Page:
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2836 Sergeant George Lelliott
21st Lancers
(21st Empress of India's Lancers)


The 21st Lancers (Empress of India's) were a cavalry regiment of the British Army, created in 1858 and amalgamated to form the 17th/21st Lancers in 1922. Perhaps its most famous engagement was the Battle of Omdurman, where Winston Churchill 4th Hussars, rode with the unit.

The regiment was originally raised in Bengal by the British East India Company in 1858 as the 3rd Bengal European Light Cavalry, for service in the Indian Mutiny. As with all other "European" units of the Company, they were placed under the command of the Crown in 1858, and formally moved into the British Army in 1862, when they were designated as hussars and titled the 21st Regiment of Hussars. A detachment saw service in the 1884–5 expedition to the Sudan, with the Light Camel Regiment. In 1897 they were redesignated as lancers, becoming the 21st Lancers, and in 1898 served in the Mahdist War in the Sudan. It was here they fought at the Battle of Omdurman, where members of the Regiment won three Victoria Crosses.

That same year, the regiment was given the title 21st (Empress of India's) Lancers, being named for Queen Victoria, the Empress of India.


George Lelliott was born in 1864. He enlisted in the 14th Hussars between April 1883 and November 1886 and transferred to the 21st Lancers on 1st October 1887 with the rank of Private. The Lancers at this time were based in Colchester, Essex. Muster rolls for the Lancers after 21st November 1887 do not exist so it is not possible to track his exact movements after this date but I assume that he went with the Regiment to India in 1888 and thence to Egypt in October 1896. In any event he is confirmed as having charged with the Regiment at Omdurman on 2 September 1898 as part of “C” Squadron under the command of Captain Doyne. He was by this time a Sergeant. Confirmation of his participation in the Charge can be found in the Appendix of Terry Brighton’s book “The Last Charge”; Sgt Lelliott is also shown on the Omdurman medal rolls as having been at or south of Kerreri Ridge on 2 September 1898, and awarded the Queen’s and Khedive’s Sudan medal, the latter with the clasp “Khartoum”.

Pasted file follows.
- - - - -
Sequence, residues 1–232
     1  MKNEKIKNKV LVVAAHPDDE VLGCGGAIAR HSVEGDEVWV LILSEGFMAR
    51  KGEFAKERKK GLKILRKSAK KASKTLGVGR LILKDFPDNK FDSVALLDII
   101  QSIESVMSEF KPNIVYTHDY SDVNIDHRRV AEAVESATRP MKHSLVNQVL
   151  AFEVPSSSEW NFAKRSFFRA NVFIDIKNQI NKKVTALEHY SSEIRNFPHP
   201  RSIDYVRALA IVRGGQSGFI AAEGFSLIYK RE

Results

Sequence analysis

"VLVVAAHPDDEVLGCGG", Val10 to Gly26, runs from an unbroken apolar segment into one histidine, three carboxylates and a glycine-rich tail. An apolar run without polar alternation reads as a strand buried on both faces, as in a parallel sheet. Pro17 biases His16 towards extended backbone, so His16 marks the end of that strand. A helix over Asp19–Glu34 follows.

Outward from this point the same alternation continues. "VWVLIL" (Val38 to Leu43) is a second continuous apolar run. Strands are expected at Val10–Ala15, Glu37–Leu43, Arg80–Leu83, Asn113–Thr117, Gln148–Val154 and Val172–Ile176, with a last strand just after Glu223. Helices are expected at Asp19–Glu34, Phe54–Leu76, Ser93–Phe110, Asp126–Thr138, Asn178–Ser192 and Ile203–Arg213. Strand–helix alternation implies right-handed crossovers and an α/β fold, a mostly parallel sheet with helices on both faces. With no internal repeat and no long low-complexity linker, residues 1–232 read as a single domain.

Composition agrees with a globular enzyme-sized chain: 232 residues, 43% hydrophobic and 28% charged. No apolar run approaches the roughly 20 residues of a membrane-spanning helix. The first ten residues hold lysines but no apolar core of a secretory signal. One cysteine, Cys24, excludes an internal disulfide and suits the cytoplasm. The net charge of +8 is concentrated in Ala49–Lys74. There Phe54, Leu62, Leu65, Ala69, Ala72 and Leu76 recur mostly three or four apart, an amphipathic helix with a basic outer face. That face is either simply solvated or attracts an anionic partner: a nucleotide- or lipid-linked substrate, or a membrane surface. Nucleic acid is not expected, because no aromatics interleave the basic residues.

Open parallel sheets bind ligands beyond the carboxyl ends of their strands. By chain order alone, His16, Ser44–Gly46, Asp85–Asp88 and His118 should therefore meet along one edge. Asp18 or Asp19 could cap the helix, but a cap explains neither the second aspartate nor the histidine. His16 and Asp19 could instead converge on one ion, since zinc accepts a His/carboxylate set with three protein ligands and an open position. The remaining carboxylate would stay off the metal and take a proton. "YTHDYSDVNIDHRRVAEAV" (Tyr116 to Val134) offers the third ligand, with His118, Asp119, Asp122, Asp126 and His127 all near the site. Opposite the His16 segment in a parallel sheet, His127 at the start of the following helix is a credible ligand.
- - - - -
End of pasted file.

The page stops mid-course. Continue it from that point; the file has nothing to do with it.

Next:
Battle at Omdurman 1898

Thereafter the only references for Sgt Lelliott are that he participated in a rifle meeting at Abbassiyeh, Egypt between 14-19 August 1899, and his appearance in the Regimental Casualty Register but this is neither dated nor annotated although most likely refers to around the time he died on 21 December 1899. Seeing as how the Regiment did not depart from Egypt to Ireland until November 1899, Sergeant Lelliott must have died very shortly after the Regiment returned to the British Isles and subsequently to The Curragh Camp.

The fact the Sergeant Gerorge Lelliott died so soon after his time in the Sudan and at such a young age of thirty five it would be probable to say that he died of a tropical disease such as Malaria. This we must remember was in the  early days of medical science and Sergeant Lelliott is like many buried in The Curragh Military Cemetery, died way before his time.


Headstone of
Sergeant George Lelliott
Curragh Military Cemetery


Sacred to the memory of
Sergeant George Lelliott
21st (E of I) Lancers who departed this life
21st Dec 1899 aged 35 years.
Erected by the Sergeants as a mark of respect and esteem.


The Battle of Omdurman

At the Battle of Omdurman (2 September 1898), an army commanded by the British General Sir Herbert Kitchener defeated the army of Abdullah al-Taashi, the successor to the self-proclaimed Mahdi Muhammad Ahmad. It was a demonstration of the superiority of a highly disciplined European-led army equipped with modern rifles and artillery over a vastly larger force armed with older weapons, and marked the success of British efforts to re-conquer the Sudan. However, it was not until the Battle of Umm Diwaykarat, a year later, that the final Mahdist forces were defeated.

Omdurman is today a suburb of Khartoum in central Sudan, with a population of some 1.5 million. The village of Omdurman was chosen in 1884 as the base of operations by the Mahdi, Muhammad Ahmad. After his death in 1885, following the successful siege of Khartoum, his successor (Khalifa) Abdullah


A special thanks to Walter Hall for providing the information on Sergeant George Lelliott